TORONTO - Anglo-Australian mining giant BHP Billiton officially conceded defeat Sunday, withdrawing its hostile takeover bid for Saskatchewan-based PotashCorp.

The withdrawal comes less than two weeks after Ottawa rejected the US$38.6 billion offer as not having enough net benefit for Canada.

The company had 30 days to try to convince the federal government on the merits of its proposal to buy PotashCorp (TSX:POT), the world's biggest producer of potash, a key component used in fertilizer.

But it withdrew its bid Sunday saying Ottawa required "additional undertakings" beyond what it had already offered. It said the government demands would have conflicted with the company's business strategy and would have been counter to creating shareholder value.

Had the deal been approved by the government and shareholders, it would have been the biggest in Canadian history -- and the largest in the world this year.

PotashCorp said BHP Billiton's decision underscores the fact that their offer "substantially undervalued" the Canadian company.

"We believe our opportunity for growth in the industry is unmatched and we are excited about the future," PotashCorp said in a news release.

"As the food requirements of our growing global population continue to increase, we believe PotashCorp has the right strategies in place to enhance earnings in the strong market conditions we see unfolding."

BHP said it still believes its offer -- described as "unparalleled in substance, scope and duration" -- would have resulted in a significant net benefit to Canada.

BHP's CEO Marius Kloppers said even though he was disappointed, the company remains committed to Canada.

"We plan to develop a significant presence in the potash industry in Saskatchewan," he said in a statement released Sunday evening.

The federal government will now have to answer questions from other foreign investors on just how open Canada is to overseas investment.

Industry Minister Tony Clement said on Sunday that the government welcomes foreign investment that can bring "new ideas, sources of capital, and job creation."

He also recognized BHP's "good faith and integrity" throughout the process, but added that despite the rejection of its takeover bid, Canada's low business tax, educated work force, and stable banks are great reasons to invest in the country.

"I don't think our position is in any way to the detriment as a result of this decision being made," he said.

"I think that when you have a law in place ... to be considered for foreign investment, it stands to reason that in many cases those foreign investments would be approved, but there may be some cases where they would not be approved and I think foreign investors understand that."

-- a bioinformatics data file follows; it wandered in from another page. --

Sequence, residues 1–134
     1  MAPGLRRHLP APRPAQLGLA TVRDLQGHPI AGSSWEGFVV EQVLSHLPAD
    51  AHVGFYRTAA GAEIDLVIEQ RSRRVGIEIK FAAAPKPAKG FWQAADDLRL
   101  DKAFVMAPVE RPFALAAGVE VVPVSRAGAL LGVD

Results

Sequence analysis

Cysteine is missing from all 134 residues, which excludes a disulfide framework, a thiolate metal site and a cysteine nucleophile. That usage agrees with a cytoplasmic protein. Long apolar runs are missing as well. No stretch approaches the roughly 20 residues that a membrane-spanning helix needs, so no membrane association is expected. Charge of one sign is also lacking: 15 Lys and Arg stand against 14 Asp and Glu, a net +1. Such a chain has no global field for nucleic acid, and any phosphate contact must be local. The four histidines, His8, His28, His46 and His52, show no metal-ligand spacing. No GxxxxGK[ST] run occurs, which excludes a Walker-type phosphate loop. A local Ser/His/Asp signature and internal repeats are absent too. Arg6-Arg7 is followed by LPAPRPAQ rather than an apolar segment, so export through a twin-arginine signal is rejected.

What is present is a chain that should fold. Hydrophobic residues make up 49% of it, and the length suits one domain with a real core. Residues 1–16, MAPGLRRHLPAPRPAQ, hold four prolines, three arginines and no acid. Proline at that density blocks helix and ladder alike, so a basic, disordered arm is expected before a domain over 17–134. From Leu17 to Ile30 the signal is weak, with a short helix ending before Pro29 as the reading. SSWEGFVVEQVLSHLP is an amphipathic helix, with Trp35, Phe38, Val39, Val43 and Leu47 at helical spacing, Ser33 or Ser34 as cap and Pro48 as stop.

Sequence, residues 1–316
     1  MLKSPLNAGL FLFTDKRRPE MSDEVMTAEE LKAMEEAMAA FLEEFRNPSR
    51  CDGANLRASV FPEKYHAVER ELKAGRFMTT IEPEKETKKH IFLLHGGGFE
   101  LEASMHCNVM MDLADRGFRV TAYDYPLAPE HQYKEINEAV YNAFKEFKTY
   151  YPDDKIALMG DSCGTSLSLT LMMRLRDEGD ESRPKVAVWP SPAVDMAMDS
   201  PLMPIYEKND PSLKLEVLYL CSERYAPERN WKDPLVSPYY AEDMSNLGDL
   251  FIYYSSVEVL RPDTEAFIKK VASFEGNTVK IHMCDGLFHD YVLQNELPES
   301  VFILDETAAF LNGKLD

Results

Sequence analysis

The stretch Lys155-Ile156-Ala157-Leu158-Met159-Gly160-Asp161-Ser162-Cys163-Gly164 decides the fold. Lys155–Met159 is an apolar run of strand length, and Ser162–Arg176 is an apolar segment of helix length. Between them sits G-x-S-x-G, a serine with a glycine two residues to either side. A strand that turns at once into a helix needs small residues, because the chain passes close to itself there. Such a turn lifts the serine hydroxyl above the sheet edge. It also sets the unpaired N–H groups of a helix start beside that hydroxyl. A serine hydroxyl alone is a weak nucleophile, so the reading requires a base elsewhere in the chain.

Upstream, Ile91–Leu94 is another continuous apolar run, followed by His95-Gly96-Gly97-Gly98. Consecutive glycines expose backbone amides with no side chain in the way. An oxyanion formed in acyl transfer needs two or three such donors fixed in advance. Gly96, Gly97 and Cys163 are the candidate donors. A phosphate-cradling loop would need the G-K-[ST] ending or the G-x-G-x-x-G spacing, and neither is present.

Clement said Ottawa recognized that there may be ways to improve the review process under the Investment Canada Act when it came to major foreign investments. He said that in the coming days he will be explaining how he interprets factors under the Act.

"I do understand however that within some people's minds it has raised issues about what the ground rules are going to be henceforth so that's why I believe it's prudent for me to explain in a little bit more detail," he said.

Also, on Sunday, Prime Minister Stephen Harper -- speaking in Yokohama, Japan, where he was attending the Asia-Pacific Economic Co-operation summit -- said Australia had earlier taken him to task over the decision to block the bid for PotashCorp.

Harper had a bilateral meeting with his Australian counterpart on the sidelines of the G20 summit in Seoul, South Korea, that preceded the APEC gathering.

Harper said he pointed out that Canada and Australia have almost identical investment review regimes. And he questioned whether any other country in the world would have allowed such a deal.

PotashCorp had fought the bid throughout saying it was "wholly inadequate" and seriously undervalued the company.

Clement rejected BHP's hostile bid Nov. 3, a denial that was only the second time Ottawa has rejected a foreign takeover outright under the Investment Canada Act.

Ottawa blocked an attempt by MacDonald, Dettwiler and Associates Ltd. (TSX:MDA) to sell its space division to U.S. defence firm Alliant Techsystems Inc. in 2008.

The decision was welcome news in Saskatchewan, which had launched a furious lobbying blitz to persuade Clement to kill the deal, arguing that potash is a strategic industry with unlimited growth potential for Canada and must be kept in Canadian hands.

NDP leader Jack Layton called it a victory for the power of public opinion.

"I think voters learn here if they raise their voices strongly enough it can have an impact."

The New Democrats planned to press ahead with a motion this week to get more transparency in the Canada Investment Act so it's not such a "shadowy operation behind closed doors," Layton added.

BHP also announced Sunday it would return $4.2 billion to shareholders through a previously suspended buy back program.

"BHP Billiton has a strong track record of returning capital to shareholders," said company chairman Jac Nasser. "The decision to reactivate the buy-back program is entirely consistent with our commitment to maintain an appropriate capital structure."